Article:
- Free admission. Open year round. Closed Mondays November through March. Exhibit building is handicapped accessible.
- Brunswick Town/Fort Anderson website.
- For further information, call (910) 371-6613.
DARE COUNTY: FORT RALEIGH
This English fort, occupied between 1585 and 1590, has been reconstructed based on archaeology done there by J. C. Harrington. The site is owned by the National Park Service and is a National Historic Landmark.
- Located on Roanoke Island, North Carolina.
- Free admission. Park is open year round. The visitor center and the earthen fort are handicapped accessible.
- Fort Raleigh website.
- For further information, call (252) 473-5772.
DURHAM COUNTY: STAGVILLE
This 19th-century plantation complex is owned by the State of North Carolina. There are several standing structures, including the late 18th-century plantation house, a slave quarter, and a large timber frame barn.
- Located near Durham on Old Oxford Highway, 7 miles northeast of Roxboro Road (U.S. 501 Business).
- Free admission. Open year round, Monday through Friday.
- Historic Stagville website.
- For further information, call (919) 620-0120.
FORSYTH COUNTY: HISTORIC BETHABARA PARK
This archaeological park is the remains of a mid to late 18th-century Moravian community. This property includes a visitor center, reconstructed and original structures, and the foundations of buildings which have been explored archaeologically. Tours available.
- Located on Bethabara Road, off University Parkway approximately 5 miles north of downtown Winston-Salem.
- Free admission to grounds; small charge for exhibit buildings. Grounds are open daily, year round; exhibit buildings open daily, April through November.
- Historic Bethabara Park page.
- For further information, call (336) 924-8191.
FORSYTH COUNTY: OLD SALEM
Reconstructed 18th- and 19th-century Moravian community. Old Salem is a living history site and many structures are open to the public.
- Located southwest of the intersection of U.S. 421 (I-40 Business) and U.S. 52 in Winston-Salem. Look for the brown Old Salem exit signs off I-40 (exit 193B), U.S. 52 (exit 108C), or U.S. 421 (exit 5D heading east or exit 6A heading west).
- Admission charge. Open daily year round.
- Old Salem website.
- For further information, call (336) 721-7350; also (336) 779-6190 or (888) 653-7253.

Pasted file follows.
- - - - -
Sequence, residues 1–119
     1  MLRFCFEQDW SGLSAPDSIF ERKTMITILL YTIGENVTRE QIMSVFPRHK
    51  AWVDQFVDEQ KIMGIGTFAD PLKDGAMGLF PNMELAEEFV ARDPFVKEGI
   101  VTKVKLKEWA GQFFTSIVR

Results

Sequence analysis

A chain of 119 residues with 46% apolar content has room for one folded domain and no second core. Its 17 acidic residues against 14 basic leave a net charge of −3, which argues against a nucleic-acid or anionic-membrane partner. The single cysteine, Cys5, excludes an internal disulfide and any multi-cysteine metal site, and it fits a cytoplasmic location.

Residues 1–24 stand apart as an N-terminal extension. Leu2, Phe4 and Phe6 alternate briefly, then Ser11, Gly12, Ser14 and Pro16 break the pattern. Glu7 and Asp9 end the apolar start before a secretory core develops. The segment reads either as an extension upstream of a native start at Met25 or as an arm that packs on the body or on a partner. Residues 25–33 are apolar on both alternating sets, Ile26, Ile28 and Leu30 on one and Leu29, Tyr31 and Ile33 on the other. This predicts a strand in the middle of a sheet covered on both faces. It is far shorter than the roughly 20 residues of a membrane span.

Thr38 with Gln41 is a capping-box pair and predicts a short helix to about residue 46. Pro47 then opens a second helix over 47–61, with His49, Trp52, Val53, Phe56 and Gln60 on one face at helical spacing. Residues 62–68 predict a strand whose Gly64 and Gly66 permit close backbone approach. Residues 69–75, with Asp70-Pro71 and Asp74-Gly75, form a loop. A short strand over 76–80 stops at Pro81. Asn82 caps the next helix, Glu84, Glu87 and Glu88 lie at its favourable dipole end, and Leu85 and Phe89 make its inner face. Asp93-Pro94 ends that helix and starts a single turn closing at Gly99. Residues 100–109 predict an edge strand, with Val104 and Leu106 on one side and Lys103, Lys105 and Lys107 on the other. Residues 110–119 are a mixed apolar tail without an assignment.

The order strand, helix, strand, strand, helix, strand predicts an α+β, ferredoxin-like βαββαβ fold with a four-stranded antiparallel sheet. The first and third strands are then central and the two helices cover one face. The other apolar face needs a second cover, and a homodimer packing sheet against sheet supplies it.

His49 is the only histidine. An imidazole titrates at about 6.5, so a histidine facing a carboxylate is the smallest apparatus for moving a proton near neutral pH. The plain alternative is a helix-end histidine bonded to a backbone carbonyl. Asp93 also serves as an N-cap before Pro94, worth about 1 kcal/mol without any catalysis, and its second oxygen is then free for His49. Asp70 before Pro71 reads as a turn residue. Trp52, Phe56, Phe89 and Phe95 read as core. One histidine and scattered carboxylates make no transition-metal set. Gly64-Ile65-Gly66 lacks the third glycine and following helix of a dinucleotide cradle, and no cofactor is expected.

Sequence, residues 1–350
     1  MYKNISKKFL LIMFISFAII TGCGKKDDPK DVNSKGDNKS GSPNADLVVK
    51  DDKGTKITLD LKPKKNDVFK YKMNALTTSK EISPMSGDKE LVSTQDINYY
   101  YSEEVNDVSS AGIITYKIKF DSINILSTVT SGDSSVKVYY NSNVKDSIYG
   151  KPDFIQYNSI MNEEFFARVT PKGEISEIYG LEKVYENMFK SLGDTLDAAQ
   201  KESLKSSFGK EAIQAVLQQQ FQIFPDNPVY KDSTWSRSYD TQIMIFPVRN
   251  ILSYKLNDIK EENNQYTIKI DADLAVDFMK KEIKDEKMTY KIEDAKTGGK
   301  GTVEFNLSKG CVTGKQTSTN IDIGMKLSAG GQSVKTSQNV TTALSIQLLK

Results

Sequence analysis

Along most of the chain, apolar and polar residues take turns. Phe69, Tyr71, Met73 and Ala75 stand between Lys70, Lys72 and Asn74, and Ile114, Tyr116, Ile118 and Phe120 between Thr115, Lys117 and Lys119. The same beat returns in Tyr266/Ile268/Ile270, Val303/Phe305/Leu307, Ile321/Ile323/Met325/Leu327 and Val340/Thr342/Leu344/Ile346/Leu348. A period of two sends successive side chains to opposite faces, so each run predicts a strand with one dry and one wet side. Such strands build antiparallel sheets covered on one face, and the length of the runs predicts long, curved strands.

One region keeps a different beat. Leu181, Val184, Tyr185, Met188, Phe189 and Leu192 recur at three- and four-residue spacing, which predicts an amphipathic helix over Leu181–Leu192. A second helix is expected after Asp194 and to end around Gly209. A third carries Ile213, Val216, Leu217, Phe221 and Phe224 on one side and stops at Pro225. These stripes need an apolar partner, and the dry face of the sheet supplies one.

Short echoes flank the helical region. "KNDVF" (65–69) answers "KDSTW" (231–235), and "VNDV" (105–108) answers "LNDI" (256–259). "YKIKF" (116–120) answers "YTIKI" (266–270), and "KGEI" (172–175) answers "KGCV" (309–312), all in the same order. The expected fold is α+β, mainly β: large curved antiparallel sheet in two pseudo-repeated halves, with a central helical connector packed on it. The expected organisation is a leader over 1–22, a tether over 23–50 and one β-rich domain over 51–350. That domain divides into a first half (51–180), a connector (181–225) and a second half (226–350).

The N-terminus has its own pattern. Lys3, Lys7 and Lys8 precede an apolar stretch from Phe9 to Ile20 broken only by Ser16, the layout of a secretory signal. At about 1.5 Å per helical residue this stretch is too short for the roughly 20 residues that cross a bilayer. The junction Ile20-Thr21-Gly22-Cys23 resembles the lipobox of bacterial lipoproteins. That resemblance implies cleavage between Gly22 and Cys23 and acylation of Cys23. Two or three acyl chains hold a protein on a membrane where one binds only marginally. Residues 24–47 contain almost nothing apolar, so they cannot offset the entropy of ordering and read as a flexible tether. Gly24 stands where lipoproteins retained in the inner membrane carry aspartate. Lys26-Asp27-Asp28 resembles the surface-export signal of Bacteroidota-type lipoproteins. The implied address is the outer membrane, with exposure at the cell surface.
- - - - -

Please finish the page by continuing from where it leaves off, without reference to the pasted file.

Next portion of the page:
HALIFAX COUNTY: HISTORIC HALIFAX
Halifax was a commercial and political center during the 18th century. Four restored buildings maintained by Historic Sites are open for tours and there is a visitor center. Archaeological excavations have taken place at the old jail. The Montfort Interpretive Center is an archaeological exhibit in which walkways bring visitors over the excavated ruins of Joseph Montfort’s house.
- Located in Halifax. From I-95, take N.C. 903 to the town of Halifax; the site is on U.S. 301 at the corner of St. David and Dobbs streets.
- Open year round. Closed Mondays November through March. Visitor center is handicapped accessible.
- Historic Halifax website.
- For further information, call (252) 583-7191.
IREDELL COUNTY: FORT DOBBS
Fort constructed during the French and Indian War to protect settlers. Archaeological excavations have revealed the moat, cellar, magazine area, and well of the fort. There are exhibits which show both the military and civilian life of Fort Dobbs. Operated as a State Historic Site.
- Located in Statesville. From I-40, take U.S. 21 north (exit 151) for approximately 3 miles, turn left on Fort Dobbs Road, and proceed for 1 mile to the site.
- Open year round. Closed Mondays November through March.
- Fort Dobbs website.
- For further information, call (704) 873-5866.
WASHINGTON COUNTY: SOMERSET PLACE
Late 18th- and 19th-century plantation with existing house and outbuildings. Archaeological excavations have taken place in the formal gardens, the smokehouse, and at some of the houses and other structures associated with the enslaved African-American community. There is a visitor center and guided tours are available. Somerset Place is operated as a State Historic Site.
- Located approximately 7 miles south of U.S. 64 at Creswell. From U.S. 64, follow signs to Somerset Place through Creswell, turn right on Thirtyfoot Canal Road, proceed 5 miles, turn left on Lake Shore Road, and proceed .5 miles to the site.
- Free admission. Open year round.
- Somerset Place website.
- For further information, call (252) 797-4560.